Yesterday the Orange County Register published 13 surprises to hit social media in 2010. This is an interesting list and, although I do not necessarily agree with all those “surprises”, some raise intriguing questions for government agencies that are struggling with their own social media strategies.
Let me pick a few:
At least one of the dominant tools for social networking will wind down and decline and people will leave it nearly as quickly as they joined it. I have no idea which one it will be, but not even Facebook or Twitter is immune from the possibility. The viral effect works in both directions.” — Jim McCarthy, Goldstar
I have been telling clients for quite some time that they should not commit to one particular social media platform, but continuously monitor those that are relevant to whatever objective they want to achieve, be it open government or constituent engagement or employee empowerment or a combination thereof. Even mainstream media are vulnerable to the “reverse viral effect”(I love this definition).
“Many social network sites starting to charge for memberships for more quality control due to the amount of spam we saw in 2009.” – Mirna Bard, NuReach Global
Most of the discussions about using social media to connect with constituents are based on that media being free of charge. What if some start charging? Would government have issues in choosing some of them as they would be seen as either favoring some players or creating a new breed of digital divide?
“Integration between platforms. Things like ping.fm, Google Wave and other utilities out there centralizing the interface and use between Facebook, Twitter, LinkedIn, Plaxo and all the others.” – Chip Ahlswede, RegalStrategies.com
Some of the enterprise collaboration platforms are moving toward building bridges with consumer social software tools. However, if new consumer tools end up playing the same role, making the business case for an enterprise tool (besides the usual security considerations) may become even more difficult than it is today. Employees won’t only choose their preferred social media sites, but also their integration tools.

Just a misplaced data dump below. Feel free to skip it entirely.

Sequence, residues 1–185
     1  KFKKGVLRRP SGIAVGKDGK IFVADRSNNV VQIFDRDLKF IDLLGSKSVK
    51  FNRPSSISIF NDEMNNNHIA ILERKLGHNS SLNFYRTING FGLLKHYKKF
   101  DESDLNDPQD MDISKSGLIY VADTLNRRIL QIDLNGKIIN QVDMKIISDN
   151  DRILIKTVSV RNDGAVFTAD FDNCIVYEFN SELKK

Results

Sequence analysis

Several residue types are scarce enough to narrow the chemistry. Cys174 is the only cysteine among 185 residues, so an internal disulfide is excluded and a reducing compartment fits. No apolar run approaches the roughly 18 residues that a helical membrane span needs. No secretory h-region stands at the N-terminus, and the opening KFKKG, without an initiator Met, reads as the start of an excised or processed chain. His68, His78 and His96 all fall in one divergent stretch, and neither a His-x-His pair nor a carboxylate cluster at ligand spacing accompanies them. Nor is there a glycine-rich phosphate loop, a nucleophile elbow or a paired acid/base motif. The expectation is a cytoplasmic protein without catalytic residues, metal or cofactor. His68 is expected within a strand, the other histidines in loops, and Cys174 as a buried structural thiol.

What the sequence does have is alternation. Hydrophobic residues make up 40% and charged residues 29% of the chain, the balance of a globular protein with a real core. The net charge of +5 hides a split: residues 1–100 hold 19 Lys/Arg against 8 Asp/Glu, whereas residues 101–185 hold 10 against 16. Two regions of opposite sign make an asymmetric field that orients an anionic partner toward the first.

“Measuring the return on investment on social media efforts will become the norm in 2010. This will mean some companies will not be able to justify their current efforts. – Jim Marks, Virtual Results
I doubt this will be the case in government, unless in areas where the business case for internal collaboration is already quite clear or where the purpose for external engagement has already been determined to be compelling. In most cases the problem will remain the same as it was in 2009: government organizations need to learn how to engage with their constituents on their constituents’ turf. Therefore the norm will be to allow employees to look for relevant online communities, to pilot different ways to engage with those, and to establish government-controlled communities only where they can clearly add value to a well-understood target audience will be the norm.
“Growing number of things which aren’t strictly people on your buddy lists. Suddenly I think we will see people friending their laundromat to see when machines are available, the roads they use to watch traffic, and groups of their friends at once. The latter will be interesting because you will only see updates when all of your friends agree.” – Don Patterson, quub.com
This is a glimpse of what I mean by “government 3.0”. Web-enabled consumer devices of all sorts that communicate with us but also with infrastructures that governments run or supervise will create a completely new meaning for terms like “social” and “engagement”. Just I doubt this will be mainstream in 2010 or even in 2011. But it is definitely a development to watch.
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